With their colorful tale of a prehistoric family carving out a new future for themselves, directors Kirk DeMicco and Chris Sanders have changed the course of their own careers. As the ninth highest-grossing film of 2013 and one of the five animated features honored at the Oscars earlier this month, The Croods is proof positive that they've got a good collaboration going and DreamWorks isn't looking to mess with it. A sequel has been scheduled and the duo are on-board to helm it, putting this franchise squarely on the map.
Before embarking on their next chapter, the two filmmakers took a moment to recall the ingredients that made this production such an international success...and hinted at what's next in the lives of The Croods.
Dan Sarto: Did you expect the film to enjoy such critical and box office success?
Kirk DeMicco: The one thing we always knew was that it was relatable. We have 300 people on our crew so we were constantly getting feedback from them throughout the entire production. When we would pitch something, they would always come back with, “Oh yeah, that’s like my sister” or “That’s like my brother!” We were dealing with a first for DreamWorks, which is a family film about a family. So everyone was able to put their own stamp on whatever they were working on and give it a more personal take, which is really cool.
The other thing that was interesting was that we never had a cultural gap, which was the most surprising and wonderful part of traveling around the world with the movie. We started in Berlin and it was the first time we saw the film with a big audience. There were 2,100 people, which is pretty daunting. We’d seen test screenings in LA but those were only a few hundred people. And they were warning us, “Alright, be prepared, this is Germany, it’s a very hard room, no one laughs.” Emma [Stone] and Nic [Cage] came with us, and I was sitting next to Nic thinking, “Oh my god, what’s going to happen?” The movie was subtitled, it wasn’t dubbed at that point, and I was worried because the kids weren’t laughing...but they had to read through the line on the screen to understand it, and then they would laugh and I was like “Ohhh...they get it!”
We took the movie from Germany to Italy, France, all throughout America and then we went to China and Korea. In China they would say, “This is a very traditional Chinese father/daughter story.” Then in Italy they were saying, “It’s a classic Italian story because the mother-in-law is there, you know?” and I’d say, “Yup, that’s right!” So everybody sees themselves in it. There was no cultural divide. Clearly America does not have a monopoly on dysfunctional families, which is very heartwarming for me.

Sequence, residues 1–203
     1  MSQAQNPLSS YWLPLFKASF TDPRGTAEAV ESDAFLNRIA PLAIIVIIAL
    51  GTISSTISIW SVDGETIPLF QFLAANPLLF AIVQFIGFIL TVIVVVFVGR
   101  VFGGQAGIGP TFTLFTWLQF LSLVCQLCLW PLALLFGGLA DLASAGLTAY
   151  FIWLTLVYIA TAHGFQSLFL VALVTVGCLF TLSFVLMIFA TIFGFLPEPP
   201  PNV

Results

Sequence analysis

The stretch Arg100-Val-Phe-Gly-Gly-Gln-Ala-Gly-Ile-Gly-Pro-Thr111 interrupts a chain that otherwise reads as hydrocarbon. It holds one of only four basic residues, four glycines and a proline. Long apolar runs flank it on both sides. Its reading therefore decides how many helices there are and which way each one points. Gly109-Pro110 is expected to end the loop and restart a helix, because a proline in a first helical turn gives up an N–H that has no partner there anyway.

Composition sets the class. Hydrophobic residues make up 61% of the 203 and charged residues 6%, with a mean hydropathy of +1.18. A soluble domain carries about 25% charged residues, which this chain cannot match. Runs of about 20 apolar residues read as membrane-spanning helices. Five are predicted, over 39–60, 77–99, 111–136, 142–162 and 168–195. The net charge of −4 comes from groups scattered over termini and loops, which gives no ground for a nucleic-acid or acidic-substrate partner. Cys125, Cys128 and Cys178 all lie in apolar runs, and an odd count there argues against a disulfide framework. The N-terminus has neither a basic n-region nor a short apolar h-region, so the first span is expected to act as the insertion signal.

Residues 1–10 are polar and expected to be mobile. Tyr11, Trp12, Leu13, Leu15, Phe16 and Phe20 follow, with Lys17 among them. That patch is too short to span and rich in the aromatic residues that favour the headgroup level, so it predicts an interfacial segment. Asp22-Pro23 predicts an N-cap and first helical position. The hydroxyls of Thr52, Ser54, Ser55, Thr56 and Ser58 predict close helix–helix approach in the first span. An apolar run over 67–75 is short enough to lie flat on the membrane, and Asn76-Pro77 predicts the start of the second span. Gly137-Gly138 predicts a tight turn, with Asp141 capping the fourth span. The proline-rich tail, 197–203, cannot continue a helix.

DS: How do you split up the directorial duties?
Chris Sanders: Kirk and I have a very similar sensibility when it comes to the movies we like and the movies we would like to make, and because of that we are able to share everything. We start by outlining the movie together and then we split the sequences apart. We work on different sequences in the same room, just right across table from each other. I would write a sequence a little bit differently than Kirk might, but as long as we are writing things in the same sensibility it’s always going to fit. I’m always anxious to read Kirk’s take on a certain scene and vice versa, and then from that point forward as we go into production we try to share everything. Having two sets of eyes is important. I can’t tell you how many times I’ll be looking at a sequence for the 12th or 13th or 14th time and Kirk will suddenly catch something we didn’t notice before.
Because we’re checking each other’s work and covering this whole thing so effectively, it also allows us to have a little downtime. Kirk has allotted to take a few days off now and then, and vice versa. One of the things that we’ve agreed on is that we will abide by the other’s decisions should one of us be gone for a couple of days. That way, you’re never worried that somebody is going to come back and go, “Oh my gosh, no! Why is it green?” The kingdom is theirs.